Tuesday, 19 January 2016

A Personal Finance Application Wish List

Many years ago I used Microsoft Money, so when I recently looked for a personal finance app, I was surprised to find Microsoft end-of-lifed the product. Even more odd was that nothing seems to have come along to replace it. It seems that building an app to track personal finances should be relatively easy, and I’m sure many programmers would have noticed that it’s a “point of pain”, so why isn’t there anything really good out there?

A bit of digging revealed that there are a couple of good apps, like Mint, and some of the other spending trackers from the banks. Though many of them are region centric, so if you're not in the US or the UK, you might be out of luck. One of the leading independent apps appears to be YNAB, and it’s great for what it is, but it’s not a full featured personal finance application. I now use YNAB (much more on this later). 

The problem may be that there are several distinct activities that I want from my PFM (personal finance manager), and these activities get confused all the time. There isn’t a convention that I know of for what these activities are called, so for now I’m calling them Tracking, Budgeting, Planning, and Cashflow Planning.


Tracking is pretty simple – you just record all your transactions, add some meaningful categories, and at the end of the month you can look at how much you spent in each category. This was the way I used Microsoft Money a lot of the time. When I was using it, the mere fact that I was tracking everything and analyzing it regularly had a definite impact on my spending. I was much less likely to spend on trivial things. I understood that my bank balance was just a number, and the real picture could only be seen when all the commitments that money had to serve were taken into account.
Tracking is the least complex feature of a PFM, and it probably delivers you the bulk of the benefits. Mostly because you’re forming the habit of regularly analyzing your spending, and breaking the illusion that the cash in your bank account is money you can spend. Perhaps part of the reason that there aren’t too many good apps out there is that this is easy enough to do with a spreadsheet, and many banks and credit cards now offer this kind of view of spending.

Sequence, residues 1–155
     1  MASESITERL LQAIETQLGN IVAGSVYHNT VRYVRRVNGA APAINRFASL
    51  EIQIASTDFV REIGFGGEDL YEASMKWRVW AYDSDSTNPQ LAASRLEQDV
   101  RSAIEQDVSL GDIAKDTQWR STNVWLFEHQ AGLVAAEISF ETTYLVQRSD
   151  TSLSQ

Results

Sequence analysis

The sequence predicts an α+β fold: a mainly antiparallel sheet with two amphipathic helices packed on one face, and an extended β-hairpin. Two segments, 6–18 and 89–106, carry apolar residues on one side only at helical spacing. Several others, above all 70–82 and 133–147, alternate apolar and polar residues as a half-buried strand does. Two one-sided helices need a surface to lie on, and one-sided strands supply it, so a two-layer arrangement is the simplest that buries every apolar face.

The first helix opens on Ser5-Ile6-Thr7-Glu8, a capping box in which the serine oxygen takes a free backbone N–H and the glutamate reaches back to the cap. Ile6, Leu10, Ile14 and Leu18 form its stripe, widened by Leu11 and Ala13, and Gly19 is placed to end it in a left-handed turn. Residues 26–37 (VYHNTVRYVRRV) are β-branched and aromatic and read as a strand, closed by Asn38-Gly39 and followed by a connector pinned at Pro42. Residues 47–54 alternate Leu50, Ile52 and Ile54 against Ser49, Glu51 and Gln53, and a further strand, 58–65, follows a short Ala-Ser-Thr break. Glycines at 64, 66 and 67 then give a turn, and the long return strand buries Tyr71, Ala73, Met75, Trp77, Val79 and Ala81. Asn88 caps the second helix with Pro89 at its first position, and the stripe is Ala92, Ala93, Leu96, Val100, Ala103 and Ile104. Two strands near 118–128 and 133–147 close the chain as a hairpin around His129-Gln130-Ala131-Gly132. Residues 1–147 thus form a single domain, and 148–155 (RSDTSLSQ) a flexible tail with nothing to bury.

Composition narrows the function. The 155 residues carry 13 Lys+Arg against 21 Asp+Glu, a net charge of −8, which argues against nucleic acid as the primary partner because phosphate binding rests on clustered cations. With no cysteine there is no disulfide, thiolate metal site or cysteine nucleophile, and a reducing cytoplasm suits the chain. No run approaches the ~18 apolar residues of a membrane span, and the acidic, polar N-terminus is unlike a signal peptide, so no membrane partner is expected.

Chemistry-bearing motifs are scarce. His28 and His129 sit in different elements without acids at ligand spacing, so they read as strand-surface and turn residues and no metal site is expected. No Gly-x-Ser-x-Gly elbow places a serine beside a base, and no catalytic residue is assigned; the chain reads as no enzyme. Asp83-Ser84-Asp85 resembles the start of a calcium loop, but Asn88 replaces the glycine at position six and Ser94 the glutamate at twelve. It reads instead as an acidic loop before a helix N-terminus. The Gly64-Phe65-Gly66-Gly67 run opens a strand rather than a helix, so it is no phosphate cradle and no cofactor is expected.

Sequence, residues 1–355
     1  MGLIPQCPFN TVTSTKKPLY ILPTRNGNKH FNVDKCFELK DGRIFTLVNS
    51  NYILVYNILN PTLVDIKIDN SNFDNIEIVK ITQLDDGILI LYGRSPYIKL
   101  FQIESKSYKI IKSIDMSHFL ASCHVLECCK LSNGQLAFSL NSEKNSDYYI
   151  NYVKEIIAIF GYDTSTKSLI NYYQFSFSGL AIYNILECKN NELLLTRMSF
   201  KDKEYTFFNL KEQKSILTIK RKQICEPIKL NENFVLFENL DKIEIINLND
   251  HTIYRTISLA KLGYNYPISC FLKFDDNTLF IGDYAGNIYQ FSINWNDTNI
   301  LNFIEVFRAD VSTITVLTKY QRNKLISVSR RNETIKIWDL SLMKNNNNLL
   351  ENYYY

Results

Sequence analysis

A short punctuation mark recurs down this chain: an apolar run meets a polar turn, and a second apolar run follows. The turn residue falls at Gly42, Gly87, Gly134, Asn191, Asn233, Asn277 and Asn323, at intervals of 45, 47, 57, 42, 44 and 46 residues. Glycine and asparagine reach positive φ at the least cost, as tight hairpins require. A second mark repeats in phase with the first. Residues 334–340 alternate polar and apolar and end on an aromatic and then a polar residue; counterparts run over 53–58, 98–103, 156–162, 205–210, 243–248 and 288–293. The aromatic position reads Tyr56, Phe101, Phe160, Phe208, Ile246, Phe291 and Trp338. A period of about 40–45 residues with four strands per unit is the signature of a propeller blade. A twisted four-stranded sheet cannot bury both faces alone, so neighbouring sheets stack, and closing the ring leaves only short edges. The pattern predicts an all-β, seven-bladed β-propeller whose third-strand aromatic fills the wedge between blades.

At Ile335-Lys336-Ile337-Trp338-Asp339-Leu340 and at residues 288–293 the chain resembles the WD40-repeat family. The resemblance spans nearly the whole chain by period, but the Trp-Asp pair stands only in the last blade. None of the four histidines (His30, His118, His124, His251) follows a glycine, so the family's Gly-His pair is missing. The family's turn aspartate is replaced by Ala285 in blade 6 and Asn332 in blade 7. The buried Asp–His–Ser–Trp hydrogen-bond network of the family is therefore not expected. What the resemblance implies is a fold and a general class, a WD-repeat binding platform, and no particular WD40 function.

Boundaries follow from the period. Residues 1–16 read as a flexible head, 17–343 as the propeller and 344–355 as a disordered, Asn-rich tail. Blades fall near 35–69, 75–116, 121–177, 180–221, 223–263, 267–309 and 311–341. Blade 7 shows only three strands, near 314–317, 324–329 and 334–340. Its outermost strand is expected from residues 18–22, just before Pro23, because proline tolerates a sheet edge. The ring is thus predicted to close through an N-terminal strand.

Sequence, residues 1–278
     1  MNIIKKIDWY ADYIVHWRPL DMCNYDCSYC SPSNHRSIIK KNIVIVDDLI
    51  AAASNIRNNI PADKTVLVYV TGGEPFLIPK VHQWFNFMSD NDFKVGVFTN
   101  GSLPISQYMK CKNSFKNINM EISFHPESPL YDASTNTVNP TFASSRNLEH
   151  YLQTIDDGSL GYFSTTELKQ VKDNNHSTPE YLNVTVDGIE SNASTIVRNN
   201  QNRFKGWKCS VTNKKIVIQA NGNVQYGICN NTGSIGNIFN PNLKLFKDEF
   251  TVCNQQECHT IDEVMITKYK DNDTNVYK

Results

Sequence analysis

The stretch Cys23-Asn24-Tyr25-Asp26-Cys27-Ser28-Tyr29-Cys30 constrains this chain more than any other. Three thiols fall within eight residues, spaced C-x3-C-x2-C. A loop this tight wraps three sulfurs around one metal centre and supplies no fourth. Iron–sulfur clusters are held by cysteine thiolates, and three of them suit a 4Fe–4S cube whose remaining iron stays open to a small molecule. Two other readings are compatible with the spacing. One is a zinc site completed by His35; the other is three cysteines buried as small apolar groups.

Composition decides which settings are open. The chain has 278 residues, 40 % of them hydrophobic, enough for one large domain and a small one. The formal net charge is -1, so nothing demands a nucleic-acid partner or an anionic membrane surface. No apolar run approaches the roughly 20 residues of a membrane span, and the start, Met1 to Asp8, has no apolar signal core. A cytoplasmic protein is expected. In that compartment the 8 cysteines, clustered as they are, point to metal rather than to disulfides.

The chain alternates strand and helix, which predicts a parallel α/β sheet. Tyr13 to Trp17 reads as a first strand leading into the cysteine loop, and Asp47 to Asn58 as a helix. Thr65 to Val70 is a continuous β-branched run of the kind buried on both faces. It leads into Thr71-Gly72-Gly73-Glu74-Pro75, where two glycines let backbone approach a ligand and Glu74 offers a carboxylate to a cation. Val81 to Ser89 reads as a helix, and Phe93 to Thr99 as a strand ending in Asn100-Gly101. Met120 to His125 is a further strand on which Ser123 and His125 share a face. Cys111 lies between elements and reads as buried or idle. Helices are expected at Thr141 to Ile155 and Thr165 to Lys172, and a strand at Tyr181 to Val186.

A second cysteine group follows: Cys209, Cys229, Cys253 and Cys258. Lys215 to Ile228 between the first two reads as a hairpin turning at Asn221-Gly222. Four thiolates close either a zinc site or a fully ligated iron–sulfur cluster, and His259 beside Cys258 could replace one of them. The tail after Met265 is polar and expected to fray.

To most people, this means writing down all the transactions you think are going to happen in the next month or longer. Then you either try to reduce some (if you don’t have enough money to cover them), or you see that you’ve got enough money and you’re done. Then at the end of the month you check that you’re within budget (you are almost certainly not), then you feel bad for a bit, resolve to do better in future, and eventually give up budgeting.

Until I used YNAB for a while, I didn’t realize that my idea of budgeting was nothing like true budgeting. YNAB is a software version of the old “envelope” system, where back in the days of paper paychecks and using cash for everything, the thrifty household would cash their paycheck, then put amounts of cash into envelopes labelled with the categories they were for. An envelope for Groceries, one for Heating Oil, another for Clothing and so on. If you were looking further out, you might have one for Christmas, and another for the Vacation you were planning for next year.

There’s a certain genius to this system, and more than any other, it forces you to break the delusion that the cash you have is the cash you can spend. Even better, if you do spend too much on something trivial, you have to physically take cash out of one of the other envelopes to do it; and it’s kind of tough to let yourself take money out of the Kids College Fund or Vacation to go bowling.

YNAB is a very opinionated piece of software (a good thing I think). It’s tough to learn how to use it in the intended way without spending a lot of time reading the docs and watching the excellent online videos. I’m thankful I stuck at it, I don’t think I would have ever really understood what budgeting means otherwise. That’s probably why there seems to be a steep learning curve for such a simple piece of software – it forces you to look at budgeting a different way.